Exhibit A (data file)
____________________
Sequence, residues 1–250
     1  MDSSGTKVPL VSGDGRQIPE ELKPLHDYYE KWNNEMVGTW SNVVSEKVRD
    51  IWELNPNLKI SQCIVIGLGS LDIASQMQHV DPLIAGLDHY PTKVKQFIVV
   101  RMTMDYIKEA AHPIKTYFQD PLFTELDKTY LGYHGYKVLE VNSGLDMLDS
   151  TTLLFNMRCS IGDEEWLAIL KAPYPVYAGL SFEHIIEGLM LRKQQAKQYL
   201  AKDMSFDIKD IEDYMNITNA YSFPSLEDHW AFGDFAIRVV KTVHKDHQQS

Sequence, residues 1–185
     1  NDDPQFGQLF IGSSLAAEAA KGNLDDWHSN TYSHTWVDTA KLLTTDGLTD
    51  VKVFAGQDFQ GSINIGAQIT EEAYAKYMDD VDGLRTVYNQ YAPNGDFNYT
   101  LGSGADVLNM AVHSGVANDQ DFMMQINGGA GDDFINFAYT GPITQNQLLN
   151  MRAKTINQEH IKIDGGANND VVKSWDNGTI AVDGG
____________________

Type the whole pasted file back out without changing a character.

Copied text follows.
Sequence, residues 1–250
     1  MDSSGTKVPL VSGDGRQIPE ELKPLHDYYE KWNNEMVGTW SNVVSEKVRD
    51  IWELNPNLKI SQCIVIGLGS LDIASQMQHV DPLIAGLDHY PTKVKQFIVV
   101  RMTMDYIKEA AHPIKTYFQD PLFTELDKTY LGYHGYKVLE VNSGLDMLDS
   151  TTLLFNMRCS IGDEEWLAIL KAPYPVYAGL SFEHIIEGLM LRKQQAKQYL
   201  AKDMSFDIKD IEDYMNITNA YSFPSLEDHW AFGDFAIRVV KTVHKDHQQS

Sequence, residues 1–185
     1  NDDPQFGQLF IGSSLAAEAA KGNLDDWHSN TYSHTWVDTA KLLTTDGLTD
    51  VKVFAGQDFQ GSINIGAQIT EEAYAKYMDD VDGLRTVYNQ YAPNGDFNYT
   101  LGSGADVLNM AVHSGVANDQ DFMMQINGGA GDDFINFAYT GPITQNQLLN
   151  MRAKTINQEH IKIDGGANND VVKSWDNGTI AVDGG